The rules of baseball in 1988 did not permit a World Series roster change due to an injury. But Mike Scioscia's hurt back suddenly brought Reyes roster status into play. Dodgers Executive Vice President Fred Claire recalled for the Los Angeles Times:
"I remember what happened to Gilberto Reyes. Scioscia injured his back [in Game 4 of the World Series] and we had gotten permission from [then-Commissioner] Peter Ueberroth to bring Reyes to Oakland. I had him fly in from the Dominican. He flies out--he got there the night of what proved to be the final game. He walks into the clubhouse about the time they started popping champagne bottles. The guy has flown in all the way from the Dominican Republic to get soaked in champagne."
How acquired: The Dodgers signed Reyes in early 1980, shortly after his sixteenth birthday, as a free agent in the Dominican Republic.
Prior MLB experience: Reyes was promoted after only appearing in 33 games for AA San Antonio in 1983 when an injury to Scioscia opened a backup backstop job on the Dodgers roster. At age 19 he was the youngest player in the majors that season. The strong-armed catcher was considered the backstop of the future at one time, but with Scioscia holding down the job, Reyes only had occasional "cups of coffee" with the major-league squad. By the end of 1987, he had played 30 games, come to the plate 40 times, hit .135/.200/.189, and thrown out seven of the 15 runners who tried to steal against him in the National League.
1988 age: 24
1988 stats: The catcher that Tommy Lasorda had nicknamed "Onion Head" for unknown reasons was again a September call up, caught in five games, and was one for nine at the plate.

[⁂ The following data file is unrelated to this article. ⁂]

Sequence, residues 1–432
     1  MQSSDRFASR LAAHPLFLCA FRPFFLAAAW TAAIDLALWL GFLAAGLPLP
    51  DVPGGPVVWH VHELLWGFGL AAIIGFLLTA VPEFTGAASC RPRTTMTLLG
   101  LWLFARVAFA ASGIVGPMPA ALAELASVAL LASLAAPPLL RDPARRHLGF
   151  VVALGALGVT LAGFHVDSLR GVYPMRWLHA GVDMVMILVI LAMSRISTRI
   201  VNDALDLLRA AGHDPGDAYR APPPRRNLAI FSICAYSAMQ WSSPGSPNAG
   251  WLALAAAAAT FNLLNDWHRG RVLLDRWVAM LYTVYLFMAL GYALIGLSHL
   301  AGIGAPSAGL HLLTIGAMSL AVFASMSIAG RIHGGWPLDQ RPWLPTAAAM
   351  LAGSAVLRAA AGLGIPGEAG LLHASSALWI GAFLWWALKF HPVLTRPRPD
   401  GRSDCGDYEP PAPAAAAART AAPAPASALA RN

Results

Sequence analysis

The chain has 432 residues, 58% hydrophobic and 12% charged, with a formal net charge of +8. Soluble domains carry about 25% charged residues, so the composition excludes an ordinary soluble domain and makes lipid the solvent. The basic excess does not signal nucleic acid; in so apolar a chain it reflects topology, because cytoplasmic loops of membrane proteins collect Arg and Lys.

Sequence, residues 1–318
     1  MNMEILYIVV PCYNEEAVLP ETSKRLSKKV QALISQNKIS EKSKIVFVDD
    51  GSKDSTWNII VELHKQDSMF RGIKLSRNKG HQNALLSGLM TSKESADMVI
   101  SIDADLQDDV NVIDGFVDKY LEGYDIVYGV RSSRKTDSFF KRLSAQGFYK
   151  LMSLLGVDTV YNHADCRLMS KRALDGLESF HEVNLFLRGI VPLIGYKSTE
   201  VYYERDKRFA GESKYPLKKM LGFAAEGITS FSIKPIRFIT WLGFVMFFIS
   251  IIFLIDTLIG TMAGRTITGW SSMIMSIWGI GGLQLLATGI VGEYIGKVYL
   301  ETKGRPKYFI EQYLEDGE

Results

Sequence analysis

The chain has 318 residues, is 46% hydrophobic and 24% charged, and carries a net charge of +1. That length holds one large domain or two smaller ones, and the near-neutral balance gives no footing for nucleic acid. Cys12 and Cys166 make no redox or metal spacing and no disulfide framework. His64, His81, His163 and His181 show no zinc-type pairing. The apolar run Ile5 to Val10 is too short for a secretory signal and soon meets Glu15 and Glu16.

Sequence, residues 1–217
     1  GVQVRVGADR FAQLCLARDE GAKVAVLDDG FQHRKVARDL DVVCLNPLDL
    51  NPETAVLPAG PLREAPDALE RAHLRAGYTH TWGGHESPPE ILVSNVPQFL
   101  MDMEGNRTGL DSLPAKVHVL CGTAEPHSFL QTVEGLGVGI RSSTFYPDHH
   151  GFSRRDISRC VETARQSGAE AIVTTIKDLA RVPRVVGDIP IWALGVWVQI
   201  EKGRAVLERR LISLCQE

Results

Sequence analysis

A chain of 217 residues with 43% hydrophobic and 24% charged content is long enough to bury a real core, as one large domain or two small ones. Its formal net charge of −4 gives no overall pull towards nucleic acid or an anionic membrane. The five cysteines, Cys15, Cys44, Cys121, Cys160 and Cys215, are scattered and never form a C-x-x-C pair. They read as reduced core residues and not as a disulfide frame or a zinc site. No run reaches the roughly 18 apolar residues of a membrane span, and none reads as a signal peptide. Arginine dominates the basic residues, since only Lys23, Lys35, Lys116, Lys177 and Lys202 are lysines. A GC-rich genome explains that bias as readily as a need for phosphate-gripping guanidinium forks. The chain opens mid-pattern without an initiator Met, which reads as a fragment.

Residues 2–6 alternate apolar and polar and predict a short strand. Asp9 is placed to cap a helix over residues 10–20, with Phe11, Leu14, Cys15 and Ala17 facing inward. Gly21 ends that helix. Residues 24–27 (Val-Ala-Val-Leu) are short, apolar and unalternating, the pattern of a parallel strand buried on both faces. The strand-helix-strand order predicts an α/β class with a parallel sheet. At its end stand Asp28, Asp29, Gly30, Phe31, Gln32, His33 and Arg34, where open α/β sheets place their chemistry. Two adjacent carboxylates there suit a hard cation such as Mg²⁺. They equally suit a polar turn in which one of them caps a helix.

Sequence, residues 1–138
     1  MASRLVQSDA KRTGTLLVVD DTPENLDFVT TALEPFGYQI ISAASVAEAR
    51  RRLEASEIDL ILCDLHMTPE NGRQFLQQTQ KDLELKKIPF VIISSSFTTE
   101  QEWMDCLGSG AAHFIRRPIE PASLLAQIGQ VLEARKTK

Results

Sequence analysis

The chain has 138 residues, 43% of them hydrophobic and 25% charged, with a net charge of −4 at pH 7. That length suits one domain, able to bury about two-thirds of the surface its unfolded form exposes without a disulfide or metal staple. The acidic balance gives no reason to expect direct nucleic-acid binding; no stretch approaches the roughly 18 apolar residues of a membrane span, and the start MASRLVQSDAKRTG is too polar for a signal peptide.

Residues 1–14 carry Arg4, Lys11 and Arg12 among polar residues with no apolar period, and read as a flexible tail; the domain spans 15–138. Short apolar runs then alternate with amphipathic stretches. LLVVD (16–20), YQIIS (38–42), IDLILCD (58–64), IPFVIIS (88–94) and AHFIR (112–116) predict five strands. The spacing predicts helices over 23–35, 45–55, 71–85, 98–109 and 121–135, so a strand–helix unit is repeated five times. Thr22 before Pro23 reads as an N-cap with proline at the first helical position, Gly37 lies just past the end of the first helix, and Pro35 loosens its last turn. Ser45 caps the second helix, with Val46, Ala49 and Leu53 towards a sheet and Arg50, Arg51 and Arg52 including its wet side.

Regular season game of the year: Reyes collected his only hit in his only start, scoring the first run of an ultimately futile comeback attempt in meaningless late season game against the Padres.
NLCS & World Series performance: Other than his possible inclusion for a World Series Game Six that never happened, Reyes was not on the post-season rosters.
Post-1988 playing career: As spring training closed in 1989, Reyes was traded to Montreal for minor-league hurler Jeff Fischer. Reyes was a half-time catcher for Les Expos in 1991, and while he threw out 43 of 82 would-be base stealers (52.4%) for Montreal, with Bill James naming him the best defensive player on the club in his 1992 Baseball Abstract, he batted only .217/.285/.261. After an alcohol-related suspension, Montreal released him in 1992. Reyes then spent one minor-league season in the Colorado organization, before playing in the Mexican League through the rest of the 1990s, then managing for several Mexican teams, as well as the Dominican Summer League Mets in 2006.
Where he is now: Near the end of 2007, in a scene that could have been from a slightly different version of "Breaking Bad", Reyes was driving a truck that he claimed he knew only to contain furniture when it slid off an icy Interstate 25 in New Mexico and crashed, revealing that the cargo also contained 420 pounds of marijuana. He was arrested for drug trafficking, but after a trial ended in a hung jury, the charges were dropped in 2009. But he wasn't out of the woods according to an Associated Press story published in the Albuquerque Journal:
So when a judge granted conditional release for Reyes on March 10, he was seized immediately by federal agents.
They took Reyes to an Immigration and Customs Enforcement processing center in El Paso, where he has been held without bond, facing his pending deportation to the Dominican Republic.
Ultimately either the deportation didn't occur or Reyes was allowed to reenter the U.S. because in late November 2011, in an interview for a podcast with "The Mix Talk Radio", he told the host that he had been working in Albuquerque as a Certified Nursing Assistant "for 28 months" and would like to get a job coaching baseball at the high school level.